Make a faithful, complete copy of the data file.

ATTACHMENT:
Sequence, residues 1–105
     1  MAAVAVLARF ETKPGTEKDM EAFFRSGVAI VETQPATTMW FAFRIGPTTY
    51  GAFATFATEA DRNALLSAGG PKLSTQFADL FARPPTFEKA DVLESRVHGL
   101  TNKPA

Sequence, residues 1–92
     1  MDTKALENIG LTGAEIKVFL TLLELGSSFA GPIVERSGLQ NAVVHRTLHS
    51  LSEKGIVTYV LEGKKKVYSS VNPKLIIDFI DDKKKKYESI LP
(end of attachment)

Sequence, residues 1–105
     1  MAAVAVLARF ETKPGTEKDM EAFFRSGVAI VETQPATTMW FAFRIGPTTY
    51  GAFATFATEA DRNALLSAGG PKLSTQFADL FARPPTFEKA DVLESRVHGL
   101  TNKPA

Sequence, residues 1–92
     1  MDTKALENIG LTGAEIKVFL TLLELGSSFA GPIVERSGLQ NAVVHRTLHS
    51  LSEKGIVTYV LEGKKKVYSS VNPKLIIDFI DDKKKKYESI LP